The Supreme Court ruled on 23 November 2012 that a managing director can be held personally liable if he has acted in breach of a personal duty of care, even if the company can also be held liable for the same actions. This type of liability is governed by the standard rules on tort and does not require serious culpability on the part of the director. The Supreme Court also held that a director can be held personally liable, alongside the company, for tortious conduct by the company. In short, this is the case where a director is seriously culpable in a personal capacity with regard to that conduct.
The case arose from a dispute between the buyers of a villa on the Spanish Costa Blanca and both a company acting as an intermediary in the sale and its (indirect) managing director who maintained the contacts with the buyers. While viewing the construction project, the buyers came across municipal warning signs. The director told them that these signs were connected with the fact that construction per piece of land exceeded the permitted limits. According to the director, this problem would be solved by the seller paying a fine to the municipality. Once the fine was paid, the violation of the building regulation would have no further consequences. Subsequently, the parties concluded the sale. A few months later, the seller advised the buyer that construction could not start due to protest from neighbouring residents, and the purchase agreement was dissolved. The buyer subsequently bought a half-finished villa in another development from the same seller, again using the services of the (indirect) director of the intermediary company. The director was already aware before that sale that there were problems concerning building permits for the development, and that the municipality was rumoured to have given an order for demolition of villas built illegally. Less then two months after the second purchase, the buyers heard that their villa had been demolished because no building was permitted on the relevant land and no building permit had been issued for this. The buyers then sued the intermediary company and its (indirect) director for damages. They based their claim on tort committed by the company and the director due to a failure to inform them of the fact that the villas were built illegally and that there was a risk of demolition.
Earlier Supreme Court decisions
The Supreme Court ruled in earlier case law - notably its decision of 8 December 2006 in Ontvanger v Roelofsen – that a company's creditor who has suffered damage due to a claim remaining unpaid and unrecoverable may under certain circumstances hold the person liable who, in his capacity as director, has (i) acted on the company's behalf, or (ii) has procured or allowed the company's failure in meeting its statutory or contractual obligations. This liability would exist alongside the company's liability. In both instances, the managing director can only be assumed to have committed a tort towards the company's creditor if there is sufficiently serious, personal culpability on his part, also having regard to his duty of care as set out in section 2:9 DCC.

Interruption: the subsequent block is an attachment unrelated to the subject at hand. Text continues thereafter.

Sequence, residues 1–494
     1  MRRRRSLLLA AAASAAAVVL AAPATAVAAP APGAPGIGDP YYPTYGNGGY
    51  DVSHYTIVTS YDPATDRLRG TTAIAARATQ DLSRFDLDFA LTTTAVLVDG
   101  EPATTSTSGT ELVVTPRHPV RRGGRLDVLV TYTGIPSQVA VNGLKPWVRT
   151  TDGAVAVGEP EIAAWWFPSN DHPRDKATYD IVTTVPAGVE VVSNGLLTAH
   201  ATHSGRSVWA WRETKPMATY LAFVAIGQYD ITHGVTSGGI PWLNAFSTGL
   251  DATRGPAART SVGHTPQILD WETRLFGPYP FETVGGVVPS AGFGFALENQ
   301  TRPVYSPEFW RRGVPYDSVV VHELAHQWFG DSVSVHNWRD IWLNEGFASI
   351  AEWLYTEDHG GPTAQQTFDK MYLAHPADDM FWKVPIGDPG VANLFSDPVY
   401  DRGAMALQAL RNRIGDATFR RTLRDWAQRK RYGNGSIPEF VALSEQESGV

The Supreme Court's recent decision
In its recent decision, the Supreme Court made a slight adjustment to Ontvanger v Roelofsen, by replacing the wording "acted on the company's behalf" by "assumed an obligation on the company's behalf". This adjustment appears to arise from two points of view introduced by the Supreme Court.
Firstly, a managing director can be held liable alongside the company – and not only in cases involving a creditor's unpaid and unrecoverable claim - for a tort committed by the company if there is serious personal culpability on the director's part concerning that tortious conduct because he should have prevented that conduct, given the apparent interests of the injured party.
Secondly, the managing director's liability for the company's tort in this case is not based on his acting as a director, but on his acting in breach of his personal duty of care. According to the Supreme Court, the standard rules on tort apply to such individual liability and no serious culpability of the director is required. And this also applies in a case such as the present one, in which the tortious conduct of the director can, by general standards, also be considered as the company's conduct, resulting in the company's own liability based on tort.